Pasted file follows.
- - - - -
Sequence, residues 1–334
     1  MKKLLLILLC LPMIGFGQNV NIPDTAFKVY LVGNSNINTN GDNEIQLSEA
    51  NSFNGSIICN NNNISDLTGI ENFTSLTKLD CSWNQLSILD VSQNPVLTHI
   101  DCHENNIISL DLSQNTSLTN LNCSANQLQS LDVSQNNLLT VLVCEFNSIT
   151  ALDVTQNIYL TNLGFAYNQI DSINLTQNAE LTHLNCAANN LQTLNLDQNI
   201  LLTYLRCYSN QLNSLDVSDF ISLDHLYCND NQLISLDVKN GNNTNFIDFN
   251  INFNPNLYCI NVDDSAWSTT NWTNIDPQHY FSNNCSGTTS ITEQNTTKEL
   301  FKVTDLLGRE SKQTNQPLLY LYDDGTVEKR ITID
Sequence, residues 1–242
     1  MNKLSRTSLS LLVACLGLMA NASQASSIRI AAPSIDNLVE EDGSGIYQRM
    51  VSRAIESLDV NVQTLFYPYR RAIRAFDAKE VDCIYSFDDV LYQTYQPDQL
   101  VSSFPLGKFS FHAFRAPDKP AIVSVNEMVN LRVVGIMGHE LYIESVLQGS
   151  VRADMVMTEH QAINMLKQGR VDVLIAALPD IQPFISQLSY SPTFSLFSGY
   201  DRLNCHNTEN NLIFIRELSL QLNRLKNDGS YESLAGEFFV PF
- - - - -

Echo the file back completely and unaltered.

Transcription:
Sequence, residues 1–334
     1  MKKLLLILLC LPMIGFGQNV NIPDTAFKVY LVGNSNINTN GDNEIQLSEA
    51  NSFNGSIICN NNNISDLTGI ENFTSLTKLD CSWNQLSILD VSQNPVLTHI
   101  DCHENNIISL DLSQNTSLTN LNCSANQLQS LDVSQNNLLT VLVCEFNSIT
   151  ALDVTQNIYL TNLGFAYNQI DSINLTQNAE LTHLNCAANN LQTLNLDQNI
   201  LLTYLRCYSN QLNSLDVSDF ISLDHLYCND NQLISLDVKN GNNTNFIDFN
   251  INFNPNLYCI NVDDSAWSTT NWTNIDPQHY FSNNCSGTTS ITEQNTTKEL
   301  FKVTDLLGRE SKQTNQPLLY LYDDGTVEKR ITID
Sequence, residues 1–242
     1  MNKLSRTSLS LLVACLGLMA NASQASSIRI AAPSIDNLVE EDGSGIYQRM
    51  VSRAIESLDV NVQTLFYPYR RAIRAFDAKE VDCIYSFDDV LYQTYQPDQL
   101  VSSFPLGKFS FHAFRAPDKP AIVSVNEMVN LRVVGIMGHE LYIESVLQGS
   151  VRADMVMTEH QAINMLKQGR VDVLIAALPD IQPFISQLSY SPTFSLFSGY
   201  DRLNCHNTEN NLIFIRELSL QLNRLKNDGS YESLAGEFFV PF